Public unions appear to be in a cold sweat over this week’s Supreme Court case, Janus vs AFSCME, Council 31, a case that focuses on whether an employee can be forced to pay dues to a union. Current law in some states mandates that a non-union employee that’s covered by a collective bargaining agreement can have dues garnished from his pay, based on the notion that he is benefiting from that union’s work. The argument in favor is that those who don’t contribute are “free-loaders” on the dues of those who have, an argument I recently addressed as circular and bootstrapping.

This arrangement has been under steady erosion in recent years, as “right-to-work” laws have been enacted at the state level (currently, 28 states are right-to-work), and, were it not for Justice Scalia’s passing, would likely have been knocked down by the Supreme Court in the 2016 case Friedrichs v. California Teachers Association, which ended in a 4-4 tie at the Court.

Evidence of this cold sweat? Certain shenanigans currently being pursued by unions in New York State. Public worker unions are engaged in a multi-pronged effort to get non-members to actually join the unions (despite “agency fees” already being extracted from their wages), to write restrictive rules that make leaving the union difficult (e.g. setting a 10 day window, once a year, for opting out), and to get the law changed to legalize these restrictive rules.

Unions, operating in a free market, serve a useful and important role. They can add value to employees and hiring practices in various ways while improving the lot of their members, thus producing a win-win situation. They can also balance out situations where employers have what might be perceived as excessive leverage over employees. Freedom of association and freedom of contract explicitly protect the rights of workers to unionize… in a free market.

Matters change when government is involved. First, public sector unions are a whole other animal. Public sector jobs are by definition not free market, established as they are via government coercion (both legislative and via taxation), and this puts the entire premise of public unions on shaky ground. Even a man as progressive as FDR felt that public unions were a whole different matter than private unions. Second, unions nowadays seem to devote more and more of their efforts to lobbying government for rules that favor their existence, protect them, and bestow special entitlements and immunities. Consider a sordid episode from Teamsters Local 25 in Boston, whose members escaped extortion convictions because of a legal loophole that permits otherwise criminal behavior if it’s done while carrying out “legitimate union business.” Union thuggery is a cliche, but we mustn’t think it’s only the stuff of movies.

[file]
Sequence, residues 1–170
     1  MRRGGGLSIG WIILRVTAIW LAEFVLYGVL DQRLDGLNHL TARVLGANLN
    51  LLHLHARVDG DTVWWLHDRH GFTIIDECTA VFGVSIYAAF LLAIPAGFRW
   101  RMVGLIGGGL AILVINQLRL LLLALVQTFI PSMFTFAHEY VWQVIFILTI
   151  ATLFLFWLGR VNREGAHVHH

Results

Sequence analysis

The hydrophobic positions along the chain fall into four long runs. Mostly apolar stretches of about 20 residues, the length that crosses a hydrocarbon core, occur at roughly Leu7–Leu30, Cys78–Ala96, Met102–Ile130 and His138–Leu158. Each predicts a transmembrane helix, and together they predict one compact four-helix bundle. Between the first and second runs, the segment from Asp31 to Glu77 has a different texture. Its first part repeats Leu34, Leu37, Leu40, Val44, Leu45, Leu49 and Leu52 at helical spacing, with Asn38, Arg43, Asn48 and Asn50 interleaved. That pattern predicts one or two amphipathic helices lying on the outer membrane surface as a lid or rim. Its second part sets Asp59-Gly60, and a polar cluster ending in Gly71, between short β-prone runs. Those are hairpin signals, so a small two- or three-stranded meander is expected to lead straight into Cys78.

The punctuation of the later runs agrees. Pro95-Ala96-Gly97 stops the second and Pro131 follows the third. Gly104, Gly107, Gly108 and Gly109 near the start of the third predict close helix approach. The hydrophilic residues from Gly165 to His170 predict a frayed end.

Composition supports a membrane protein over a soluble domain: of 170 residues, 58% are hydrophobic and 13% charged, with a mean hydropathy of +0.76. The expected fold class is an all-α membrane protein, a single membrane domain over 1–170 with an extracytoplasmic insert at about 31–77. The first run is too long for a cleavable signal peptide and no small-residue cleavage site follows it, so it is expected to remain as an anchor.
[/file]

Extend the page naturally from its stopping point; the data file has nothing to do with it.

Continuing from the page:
Unions should provide benefits that make employees want to join, rather than forcing compulsion by leveraging politicians. Unions can provide training, financial, legal, and other forms of counseling, representation for dispute resolution, and similar values-added. This, not coercion, is how the free-loader problem should be addressed. But, unions, recognizing that there’s far greater ease and certainty in coercion than persuasion, have opted instead to devote their efforts to buying political influence with their members’ money. This is the crux of Mark Janus’s argument: that the union that takes his money doesn’t voice his beliefs or opinions. In a just world, where liberty remained paramount, Mr. Janus should be arguing freedom of contract and freedom of association. Alas, both these fundamental liberties have been eroded down to near-nothingness, and government has established that it is ready, willing, and able to infringe deeply on our economic liberties. Still, if Janus can prevail in this case, it won’t matter, practically speaking, which rights he leveraged. An injustice will be remedied.

Perhaps, then, unions might adopt an approach more compatible with a free society. If their coercive power is weakened, they may be forced to resort to persuasion – of the moral, not leg-breaking variety – to keep their membership rolls and financial coffers filled. Persuasion is free-market, and a shift in the direction of free market tenets might be what actually saves unions from an extinction that, in their current thuggish form, they currently deserve.

Peter Venetoklis

About Peter Venetoklis

I am twice-retired, a former rocket engineer and a former small business owner. At the very least, it makes for interesting party conversation. I'm also a life-long libertarian, I engage in an expanse of entertainments, and I squabble for sport.

Nowadays, I spend a good bit of my time arguing politics and editing this website.


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